When my first son was five months old, my husband persuaded me to take a trip to the east coast to visit a close single friend of his. I don’t know why I said yes to this, except that my husband was probably really persistent, desperate in his desire to do something escapist during a year when we really did not get along. Possibly I felt it might be refreshing to argue in a different province. We went.
It wasn’t long into the trip before I found myself with a baby in a tiny room in a basement, next to an enormous pile of firewood. The room had a bed, a desk, and a bookshelf. I was trying to shield my baby from the jamming and partying upstairs, and its predictable accoutrements. I stayed there for hours. My husband came downstairs at some point; he wanted me to join the party with the baby.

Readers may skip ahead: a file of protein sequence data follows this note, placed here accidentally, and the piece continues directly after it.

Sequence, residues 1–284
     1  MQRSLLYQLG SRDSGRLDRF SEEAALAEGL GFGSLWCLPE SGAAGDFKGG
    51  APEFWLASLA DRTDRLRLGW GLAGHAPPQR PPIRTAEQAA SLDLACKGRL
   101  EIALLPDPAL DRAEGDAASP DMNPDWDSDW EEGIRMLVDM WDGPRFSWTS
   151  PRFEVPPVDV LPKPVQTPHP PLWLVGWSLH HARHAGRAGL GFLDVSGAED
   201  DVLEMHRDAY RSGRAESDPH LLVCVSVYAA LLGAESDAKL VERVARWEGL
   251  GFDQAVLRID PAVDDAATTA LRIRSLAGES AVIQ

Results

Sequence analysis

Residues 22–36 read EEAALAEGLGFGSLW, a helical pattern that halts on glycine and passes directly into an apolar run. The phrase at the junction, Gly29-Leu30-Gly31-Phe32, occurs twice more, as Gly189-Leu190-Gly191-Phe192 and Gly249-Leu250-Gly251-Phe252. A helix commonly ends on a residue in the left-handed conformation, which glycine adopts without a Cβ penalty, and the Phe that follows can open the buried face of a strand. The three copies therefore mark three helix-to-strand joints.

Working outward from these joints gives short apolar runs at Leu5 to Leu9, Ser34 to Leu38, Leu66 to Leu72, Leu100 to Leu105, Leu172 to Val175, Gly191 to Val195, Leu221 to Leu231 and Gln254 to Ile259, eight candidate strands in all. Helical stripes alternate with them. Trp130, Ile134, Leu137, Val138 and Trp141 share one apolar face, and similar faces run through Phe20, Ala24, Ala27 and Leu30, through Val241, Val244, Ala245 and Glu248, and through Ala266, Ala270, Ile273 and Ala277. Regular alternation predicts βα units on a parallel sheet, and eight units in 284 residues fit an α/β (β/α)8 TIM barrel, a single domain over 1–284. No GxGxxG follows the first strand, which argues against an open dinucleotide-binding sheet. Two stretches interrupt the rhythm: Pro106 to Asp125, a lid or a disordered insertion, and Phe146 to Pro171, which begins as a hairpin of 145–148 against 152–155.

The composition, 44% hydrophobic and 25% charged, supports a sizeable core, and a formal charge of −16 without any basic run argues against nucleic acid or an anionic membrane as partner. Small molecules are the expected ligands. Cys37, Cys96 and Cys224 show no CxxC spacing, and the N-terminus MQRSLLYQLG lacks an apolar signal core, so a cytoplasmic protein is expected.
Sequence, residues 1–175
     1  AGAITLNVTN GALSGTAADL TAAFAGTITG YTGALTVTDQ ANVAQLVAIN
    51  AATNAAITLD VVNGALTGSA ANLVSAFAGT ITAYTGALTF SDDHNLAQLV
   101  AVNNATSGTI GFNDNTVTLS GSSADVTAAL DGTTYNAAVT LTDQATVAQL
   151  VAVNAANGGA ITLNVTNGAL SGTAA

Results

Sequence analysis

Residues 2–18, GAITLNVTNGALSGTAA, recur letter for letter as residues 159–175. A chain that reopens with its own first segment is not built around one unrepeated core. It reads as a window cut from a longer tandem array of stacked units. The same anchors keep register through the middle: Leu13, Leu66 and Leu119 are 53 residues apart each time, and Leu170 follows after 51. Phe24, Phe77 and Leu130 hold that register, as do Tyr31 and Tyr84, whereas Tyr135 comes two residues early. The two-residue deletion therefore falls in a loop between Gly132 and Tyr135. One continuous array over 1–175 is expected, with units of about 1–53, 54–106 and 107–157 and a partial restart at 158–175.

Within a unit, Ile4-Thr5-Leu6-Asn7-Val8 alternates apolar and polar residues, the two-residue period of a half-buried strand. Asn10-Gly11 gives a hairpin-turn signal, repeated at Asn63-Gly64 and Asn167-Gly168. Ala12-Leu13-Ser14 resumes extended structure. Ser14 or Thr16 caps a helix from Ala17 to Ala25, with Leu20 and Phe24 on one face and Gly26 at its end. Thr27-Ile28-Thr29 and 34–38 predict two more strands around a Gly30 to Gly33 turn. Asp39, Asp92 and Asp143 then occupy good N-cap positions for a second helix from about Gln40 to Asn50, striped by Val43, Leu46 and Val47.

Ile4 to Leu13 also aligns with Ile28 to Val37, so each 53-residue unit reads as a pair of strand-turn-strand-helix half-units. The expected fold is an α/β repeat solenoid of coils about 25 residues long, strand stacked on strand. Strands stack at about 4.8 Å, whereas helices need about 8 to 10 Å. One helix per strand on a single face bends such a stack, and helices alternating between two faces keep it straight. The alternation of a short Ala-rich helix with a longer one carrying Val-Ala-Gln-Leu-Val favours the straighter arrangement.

Turns out arguing sustains its general character regardless of what province you do it in.
Fast forward six years, and my husband’s friend is now married and visited recently with his first child. My husband suggested that he and his friend go out for an hour or so to run and errand, but his friend declined, saying that he preferred to stay with his wife and baby, not wanting his wife to feel abandoned. My husband turned to me with a certain disbelief. I turned away.
I would really love to write a funny baby post about poo or vomit or the dreaded car seat; I want in on the club of parents who can laugh about transitioning into their new lives with their baby. I have a sense of humour, I really do. And our baby, who was the beginning of so much – I can hardly begin to tell about all he is and all that he’s brought into our lives. But it was a hard go when he came along. My husband and I made it through: it didn’t kill us, and well, you know how the rest of the saying goes. But I still can’t laugh about it.